The Sweet Truth About Temperature Controlled Shipping of Chocolate

Ah, chocolate. Two thousand years before Willie Wonka, it was the food of the gods. Chocolate today is no longer for deities and has transformed from an unsweetened cocoa drink made from ground beans to everyday foods and designer chocolate bars.

A lot has changed since the original cocoa plant became a domesticated delicacy for the wealthy few. Today chocolate manufacturing is a more than 4-billion-dollar industry in the United States alone, with the average American eating at least half a pound of the stuff per month[1].

Delivering chocolate to the everyday confectionary connoisseur is trickier than most people think. Temperature fluctuations in shipping can damage the product, requiring a cold chain shipping environment that can easily surpass the value of the chocolate itself. This challenge is particularly true in the summer months or in geographic regions where temperatures are warm year-round. Corporate profit margins are also under fire due to increases in raw materials (vanilla, cocoa, milk, etc.) and cost issues related to consumers ordering chocolate online who are accustomed to free shipping. Together these points result in either “tampering” with the quality of the chocolate or an increase in prices.

Why does chocolate melt in your hands?

While some chocolates are easier to ship than others, chocolates with higher concentrations of milk fats, cocoa butter, and other additives tend to melt faster.

Unless we are talking about M&Ms (which have a sugar and water coating) that protects the inner chocolate or chocolates that have been tampered with, the melting point of chocolate is lower than the temperature of the human body[2].

To put it into perspective, the melting point of chocolate is somewhere between 86°F and 90°F, which is significantly lower than the average temperature of the human body (98.6°F). The heat from your hand increases the temperature of the chocolate and causes it to melt. How fast it melts depends on several factors, including the amount of milk fat and other additives, such as lecithin, as well as the amount and composition of the cocoa butter. Chocolate solids tend to melt closer to body temperature (80’s+) while a ganache melts closer to room temperature (70’s).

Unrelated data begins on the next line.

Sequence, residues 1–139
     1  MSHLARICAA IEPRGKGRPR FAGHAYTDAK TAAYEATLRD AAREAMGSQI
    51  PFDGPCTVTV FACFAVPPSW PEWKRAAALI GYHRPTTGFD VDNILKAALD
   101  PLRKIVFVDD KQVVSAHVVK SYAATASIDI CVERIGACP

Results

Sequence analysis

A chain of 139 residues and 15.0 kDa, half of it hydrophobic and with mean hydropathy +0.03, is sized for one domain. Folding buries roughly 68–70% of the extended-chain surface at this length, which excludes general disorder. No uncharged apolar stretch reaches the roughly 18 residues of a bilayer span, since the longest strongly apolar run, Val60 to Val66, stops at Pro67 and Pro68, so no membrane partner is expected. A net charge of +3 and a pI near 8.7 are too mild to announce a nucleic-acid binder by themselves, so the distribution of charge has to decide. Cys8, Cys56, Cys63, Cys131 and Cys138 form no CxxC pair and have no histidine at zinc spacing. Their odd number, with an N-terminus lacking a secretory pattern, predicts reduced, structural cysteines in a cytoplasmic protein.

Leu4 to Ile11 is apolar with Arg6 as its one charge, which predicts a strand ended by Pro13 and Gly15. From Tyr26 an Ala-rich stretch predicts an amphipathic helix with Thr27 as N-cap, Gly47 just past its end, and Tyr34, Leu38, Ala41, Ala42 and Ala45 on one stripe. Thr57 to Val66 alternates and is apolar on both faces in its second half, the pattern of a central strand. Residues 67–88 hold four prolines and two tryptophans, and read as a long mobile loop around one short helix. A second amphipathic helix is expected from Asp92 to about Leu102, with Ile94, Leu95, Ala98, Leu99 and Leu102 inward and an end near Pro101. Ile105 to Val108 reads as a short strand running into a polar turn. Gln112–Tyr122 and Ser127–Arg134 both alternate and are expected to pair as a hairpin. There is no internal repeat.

Chocolate blooming - fluctuations or moisture during manufacturing, transit, or storage
Figure 1: Chocolate blooming – a challenge for chocolate temperature controlled shipping that happens when exposed to temperature fluctuations or moisture during manufacturing, transit, or storage.

Chocolates can have two main issues regarding shipping: melting and blooming (discoloration).

  • Melting is something we all have seen. It is simply what happens when the melting point of the chocolate is surpassed to a point and time that it loses its shape. Technically though, chocolate melts when its particles are energized and move faster due to a temperature change. When this occurs, it simply changes state from a solid to liquid, just like ice, plastic, or other substances.
  • Blooming is the grey/white coating that can appear on the surface of chocolate caused by either a change in the fat crystals (fat bloom) or crystals formed by the action of moisture on the sugar (sugar bloom). Both can damage the appearance of chocolate and affect its shelf life. While still safe to eat, it can hurt your sales and reputation.

How we address the issue comes down to a few key handling factors.

Shipping chocolate: Is there a better time? Is there a better method?

Naturally, the best time to ship something that can melt is in the weather. Delays the holidays may cause aside, Christmas, Valentine’s Day, and Easter are great times for shipping chocolate. However, since this is not always an option, most chocolate manufacturers use a temperature-controlled environment to produce, ship, and store their products. In addition to knowing the melting temperature of their products, the type of environment needed (packaging, refrigeration, handling, etc.) can be narrowed down to a few key points: